I’ve just started watching Blackish and I’m obsessed. It’s hilarious and manages to balance racial issues with humor. Black-ish reminded me of our discussion of The Cosby Show in the construction of social class and race. For example the episode I just watched dealt with the “n” word and its connotation among different races, genders, and ages.
Like the Huxtables, the Johnsons are a middle class family in an affluent neighborhood. Dre Johnson, the father of the house, is worried this suburban lifestyle will compromise his family’s understanding of their roots and cultural background—essentially their “blackness.”
When actor Anthony Anderson, who plays Dre, was asked about The Cosby Show Anthony admits he admired The Cosby Show as a kid.
“There’s something to seeing a black doctor and black lawyer living in a loving marriage, raising happy and stable children with no one questioning it,” he tells his father.
“I invested in the Huxtables,” Dre continues. “They made me believe that I could have a family like them. And then, that news about Bill Cosby hit and I was devastated.”
As discussed in The Sitcom Reader The Cosby Show was progressive in its depiction of blackness and masculinity, and it is unfortunate that now it is associated with Bill Cosby’s sex scandal. Though I have not watched the episode yet, Black-ish paid homage to The Cosby Show in the episode titled “The Johnsons.” They recreate the opening credits and honor the 80s sitcom. Watch here for an exclusive clip on the episode.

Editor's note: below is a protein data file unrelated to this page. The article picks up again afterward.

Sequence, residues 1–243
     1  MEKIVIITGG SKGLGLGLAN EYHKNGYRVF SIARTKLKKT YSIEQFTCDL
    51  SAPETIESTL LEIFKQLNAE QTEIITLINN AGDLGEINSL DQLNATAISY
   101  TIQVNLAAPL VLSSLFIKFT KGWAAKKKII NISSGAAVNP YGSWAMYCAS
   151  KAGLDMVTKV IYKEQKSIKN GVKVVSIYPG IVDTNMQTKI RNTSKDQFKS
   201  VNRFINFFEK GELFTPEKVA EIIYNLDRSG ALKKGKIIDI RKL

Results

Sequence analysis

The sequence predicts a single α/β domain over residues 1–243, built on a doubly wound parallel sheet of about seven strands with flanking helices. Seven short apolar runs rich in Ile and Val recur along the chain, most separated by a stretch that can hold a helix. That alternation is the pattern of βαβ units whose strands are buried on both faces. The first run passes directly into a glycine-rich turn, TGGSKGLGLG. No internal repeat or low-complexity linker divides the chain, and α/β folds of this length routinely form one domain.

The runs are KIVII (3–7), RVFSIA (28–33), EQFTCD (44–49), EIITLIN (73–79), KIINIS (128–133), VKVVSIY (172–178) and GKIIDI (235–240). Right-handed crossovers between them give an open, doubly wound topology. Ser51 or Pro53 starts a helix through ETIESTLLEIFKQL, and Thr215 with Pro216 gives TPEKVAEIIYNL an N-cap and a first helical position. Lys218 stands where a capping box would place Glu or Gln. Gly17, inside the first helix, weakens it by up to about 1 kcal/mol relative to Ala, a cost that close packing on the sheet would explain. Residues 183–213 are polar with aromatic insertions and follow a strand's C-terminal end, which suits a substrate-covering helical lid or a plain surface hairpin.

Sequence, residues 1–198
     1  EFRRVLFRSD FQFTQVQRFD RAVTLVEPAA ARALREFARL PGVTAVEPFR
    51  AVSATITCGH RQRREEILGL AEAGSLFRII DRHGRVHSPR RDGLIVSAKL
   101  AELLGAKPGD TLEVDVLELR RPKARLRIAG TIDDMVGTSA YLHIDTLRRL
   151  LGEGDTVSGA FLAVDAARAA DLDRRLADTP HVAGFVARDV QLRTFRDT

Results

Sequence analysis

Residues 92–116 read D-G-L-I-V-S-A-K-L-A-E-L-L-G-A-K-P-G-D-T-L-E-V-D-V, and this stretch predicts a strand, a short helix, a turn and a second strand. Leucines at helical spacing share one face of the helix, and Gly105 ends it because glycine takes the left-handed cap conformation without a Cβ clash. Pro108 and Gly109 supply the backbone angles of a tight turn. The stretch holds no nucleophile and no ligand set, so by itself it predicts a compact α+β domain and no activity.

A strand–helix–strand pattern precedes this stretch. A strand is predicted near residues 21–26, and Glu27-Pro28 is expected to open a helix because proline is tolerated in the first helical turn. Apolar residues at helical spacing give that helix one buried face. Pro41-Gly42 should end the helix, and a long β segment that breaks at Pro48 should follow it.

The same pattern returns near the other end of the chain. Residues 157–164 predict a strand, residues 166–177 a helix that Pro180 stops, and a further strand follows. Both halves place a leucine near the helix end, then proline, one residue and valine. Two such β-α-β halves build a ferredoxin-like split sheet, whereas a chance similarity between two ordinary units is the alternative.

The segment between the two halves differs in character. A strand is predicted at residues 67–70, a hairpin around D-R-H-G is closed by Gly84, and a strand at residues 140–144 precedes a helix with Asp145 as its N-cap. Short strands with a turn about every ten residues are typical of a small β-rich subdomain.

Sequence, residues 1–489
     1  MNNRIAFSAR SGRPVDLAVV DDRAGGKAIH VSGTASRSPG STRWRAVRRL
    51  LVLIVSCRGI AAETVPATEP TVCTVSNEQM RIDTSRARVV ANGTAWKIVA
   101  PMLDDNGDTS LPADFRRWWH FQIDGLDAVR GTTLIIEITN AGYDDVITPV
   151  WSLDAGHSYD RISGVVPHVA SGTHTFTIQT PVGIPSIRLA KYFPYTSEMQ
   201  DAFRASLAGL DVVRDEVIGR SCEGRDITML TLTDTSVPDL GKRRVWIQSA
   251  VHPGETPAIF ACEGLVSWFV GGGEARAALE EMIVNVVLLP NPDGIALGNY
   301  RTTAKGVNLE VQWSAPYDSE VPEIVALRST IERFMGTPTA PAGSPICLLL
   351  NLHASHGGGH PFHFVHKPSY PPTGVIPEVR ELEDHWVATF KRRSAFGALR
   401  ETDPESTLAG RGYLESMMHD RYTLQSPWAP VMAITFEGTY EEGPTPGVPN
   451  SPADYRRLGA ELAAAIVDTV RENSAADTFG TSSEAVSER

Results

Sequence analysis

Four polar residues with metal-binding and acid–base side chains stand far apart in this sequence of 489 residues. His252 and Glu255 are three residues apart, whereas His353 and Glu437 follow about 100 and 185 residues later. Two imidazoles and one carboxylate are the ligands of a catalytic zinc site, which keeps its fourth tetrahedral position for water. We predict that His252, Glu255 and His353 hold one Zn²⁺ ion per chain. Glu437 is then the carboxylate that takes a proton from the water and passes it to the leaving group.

“The Johnson Show,” will honor the ’80s family sitcom by recreating the iconic dance-filled opening credits, and only ETonline has your exclusive sneak peek of their smooth moves.
Although Black-ish presents a black sitcom family it is no Cosby Show. If anything, I would compare the characters to Modern Family and the Dunphy’s. There’s a strong similarity between the Johnson family and the Dunphy family. Both families present children with similar characteristics. In Black-ish, Zoey is the fashionable, sometimes ditzy, older teenage daughter who, like Haley in Modern family, expresses an interest popular style websites. (Zoey has her own YouTube channel about makeup and Haley pens a fashion blog). Both families have a dim (that may be too harsh) son, on Black-ish it’s Andre Jr and on Modern family it’s Luke. Surprisingly the “smart daughter” (who would be Alex in MF) is 6-year-old Diane on Blackish.
Of course this is a generalization of each character, but Black-ish undeniably presents a similar family dynamic to the Dunphy’s in terms of the character’s traits and narrative. Be this as it may, Black-ish offers a discourse unlike any sitcom I have seen.
Even their homes are similar!
– Ziba Klein